Northern Ireland: ...I'd feel too bad making jokes about this.
I was really excited to go to Northern Ireland since I heard about it. I never really knew what happened in Northern Ireland until I spent 40 class hours learning about it. It's super complicated and messy and the fact there is a ceasefire is amazing.
Politics aside, Belfast was OK. It has a totally different feel than Dublin. High Rise buildings, all grey brick, it feel more like an American city than Ireland. (Well, technically it's not Ireland, but you know what I mean). The political murals were equal parts inspiring and terrifying and the fact that the Troubles were only ended 10 years ago is equal numbing.
One non-depressing, super awesome thing is WE SAW WHERE THE TITANIC WAS BUILT. Like, inside the buildings! So sweet! As they say in Belfast: "There was nothing wrong with it when it left here!".
Things then got somber again going to Derry/Londonderry and seeing the murals and memorials to The Battle of the Bogside and Bloody Sunday. The Bloody Sunday Museum was especially poignant with the the sister of one of the boys killed runs the Museum and gave a talk to our group. She was recently in the news because her and the other families of the Bloody Sunday victims were invited to a formal apology by the British Prime Minister for the actions of the British police on that day after findings that the protesters weren't a threat to anyone's safety.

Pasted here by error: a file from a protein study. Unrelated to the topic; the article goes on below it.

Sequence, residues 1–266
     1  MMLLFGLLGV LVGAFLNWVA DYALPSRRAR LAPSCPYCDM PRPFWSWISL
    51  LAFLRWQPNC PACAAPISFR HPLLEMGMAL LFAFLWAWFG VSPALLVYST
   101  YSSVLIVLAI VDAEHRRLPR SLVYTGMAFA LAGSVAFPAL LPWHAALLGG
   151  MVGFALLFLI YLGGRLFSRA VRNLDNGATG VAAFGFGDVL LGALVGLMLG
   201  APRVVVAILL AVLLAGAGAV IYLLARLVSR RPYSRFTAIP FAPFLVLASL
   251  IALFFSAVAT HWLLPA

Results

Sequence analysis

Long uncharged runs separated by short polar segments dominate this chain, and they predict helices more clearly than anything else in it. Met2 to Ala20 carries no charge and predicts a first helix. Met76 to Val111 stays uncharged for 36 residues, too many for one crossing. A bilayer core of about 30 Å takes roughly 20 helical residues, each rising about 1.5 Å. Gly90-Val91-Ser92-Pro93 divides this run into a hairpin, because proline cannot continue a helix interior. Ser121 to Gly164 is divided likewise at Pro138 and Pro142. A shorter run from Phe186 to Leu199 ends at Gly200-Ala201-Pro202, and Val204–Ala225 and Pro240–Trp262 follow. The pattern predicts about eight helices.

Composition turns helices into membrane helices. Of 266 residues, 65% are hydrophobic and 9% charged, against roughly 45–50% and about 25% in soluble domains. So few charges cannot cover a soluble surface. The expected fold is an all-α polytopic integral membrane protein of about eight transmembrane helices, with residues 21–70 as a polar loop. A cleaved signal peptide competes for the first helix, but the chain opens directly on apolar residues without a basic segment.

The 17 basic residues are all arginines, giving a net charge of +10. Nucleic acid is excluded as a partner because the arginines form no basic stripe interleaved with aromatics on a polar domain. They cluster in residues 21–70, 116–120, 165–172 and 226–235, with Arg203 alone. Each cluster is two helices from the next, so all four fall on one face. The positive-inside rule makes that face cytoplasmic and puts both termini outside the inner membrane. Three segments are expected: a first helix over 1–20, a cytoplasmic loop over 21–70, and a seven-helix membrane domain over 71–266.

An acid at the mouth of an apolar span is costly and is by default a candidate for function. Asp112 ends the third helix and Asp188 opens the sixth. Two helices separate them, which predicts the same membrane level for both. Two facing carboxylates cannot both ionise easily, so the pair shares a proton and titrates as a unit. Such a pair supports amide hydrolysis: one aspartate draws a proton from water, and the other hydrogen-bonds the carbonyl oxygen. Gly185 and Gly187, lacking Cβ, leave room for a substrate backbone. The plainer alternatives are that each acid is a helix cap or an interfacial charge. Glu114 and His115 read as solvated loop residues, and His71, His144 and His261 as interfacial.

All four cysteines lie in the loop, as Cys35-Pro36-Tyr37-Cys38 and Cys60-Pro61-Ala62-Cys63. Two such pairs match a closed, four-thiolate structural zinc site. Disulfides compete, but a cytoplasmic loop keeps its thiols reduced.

I apologize if a lot of this is foreign or unfamiliar with anyone. I don't think I can do a summation of the history of the Northern Ireland Tensions justice. However, if you're interesting in History, Politics, or Current Events, it's worth a look. A really interesting case of sectarian hate and tensions between ethno-religious boundaries.
On a happier note WE THEN WENT TO A CASTLE! IT WAS SWEET!
The Carrickfergus castle in Carrickfergus, to be exact. It was a castle, and it was dope.
That brings us up to now, sort of!